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CST-100/Atlas illuustration
An illustration of an Atlas V with Boeing’s CST-100 spacecraft mounted on top. (credit: Boeing)

Commercial crew providers aplenty (part 2)


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The success of SpaceX to rendezvous its Dragon capsule with the International Space Station this past May as part of the Commercial Orbital Transportation Services (COTS) program would appear to give the young aerospace company a head start in NASA’s Commercial Crew Program (C3P). But as noted last week (see “Commercial crew providers aplenty (part 1)”, The Space Review, July 9, 2012), other companies are involved in the competition, including established aerospace firms like ATK, who is partnered with EADS Astrium on the Liberty system. They are not the only major aerospace companies involved in the commercial crew competition.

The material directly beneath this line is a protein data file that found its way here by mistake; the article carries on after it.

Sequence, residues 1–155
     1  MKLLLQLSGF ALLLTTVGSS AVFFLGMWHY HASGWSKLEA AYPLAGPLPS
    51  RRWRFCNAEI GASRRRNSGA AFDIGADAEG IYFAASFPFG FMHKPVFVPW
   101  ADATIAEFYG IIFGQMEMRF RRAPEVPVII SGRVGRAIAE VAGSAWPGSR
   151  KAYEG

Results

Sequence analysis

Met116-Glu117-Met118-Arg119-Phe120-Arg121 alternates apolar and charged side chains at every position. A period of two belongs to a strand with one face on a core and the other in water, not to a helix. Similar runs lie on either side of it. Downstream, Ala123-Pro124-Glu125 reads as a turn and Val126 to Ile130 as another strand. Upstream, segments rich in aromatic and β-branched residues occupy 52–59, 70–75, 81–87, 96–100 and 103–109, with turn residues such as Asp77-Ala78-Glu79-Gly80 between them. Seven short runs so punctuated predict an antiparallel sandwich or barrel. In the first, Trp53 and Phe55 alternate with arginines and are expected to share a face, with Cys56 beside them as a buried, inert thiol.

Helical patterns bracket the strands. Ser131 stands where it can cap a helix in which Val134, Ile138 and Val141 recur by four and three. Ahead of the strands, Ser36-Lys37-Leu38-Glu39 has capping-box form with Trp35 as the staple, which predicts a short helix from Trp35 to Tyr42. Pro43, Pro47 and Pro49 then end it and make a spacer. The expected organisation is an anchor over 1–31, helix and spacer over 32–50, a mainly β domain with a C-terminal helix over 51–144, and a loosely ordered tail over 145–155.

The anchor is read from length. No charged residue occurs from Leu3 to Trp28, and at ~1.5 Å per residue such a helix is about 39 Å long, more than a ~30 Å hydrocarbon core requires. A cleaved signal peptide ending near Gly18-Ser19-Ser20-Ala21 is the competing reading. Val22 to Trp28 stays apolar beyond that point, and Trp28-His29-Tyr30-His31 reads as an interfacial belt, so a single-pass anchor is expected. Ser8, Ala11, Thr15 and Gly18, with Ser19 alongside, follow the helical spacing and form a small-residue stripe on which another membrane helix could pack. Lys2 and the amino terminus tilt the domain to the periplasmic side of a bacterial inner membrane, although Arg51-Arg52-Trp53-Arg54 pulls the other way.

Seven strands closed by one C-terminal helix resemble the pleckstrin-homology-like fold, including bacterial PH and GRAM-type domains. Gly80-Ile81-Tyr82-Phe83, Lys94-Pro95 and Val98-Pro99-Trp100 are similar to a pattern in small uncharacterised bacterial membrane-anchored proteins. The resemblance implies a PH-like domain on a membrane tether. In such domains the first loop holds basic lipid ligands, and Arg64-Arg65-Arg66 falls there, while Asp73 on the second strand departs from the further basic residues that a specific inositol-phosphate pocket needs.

The choice for a CST-100 launcher was really down to two venerable and reliable launch vehicles: either the Delta IV or Delta IV Heavy, or the Atlas V, which was ultimately chosen.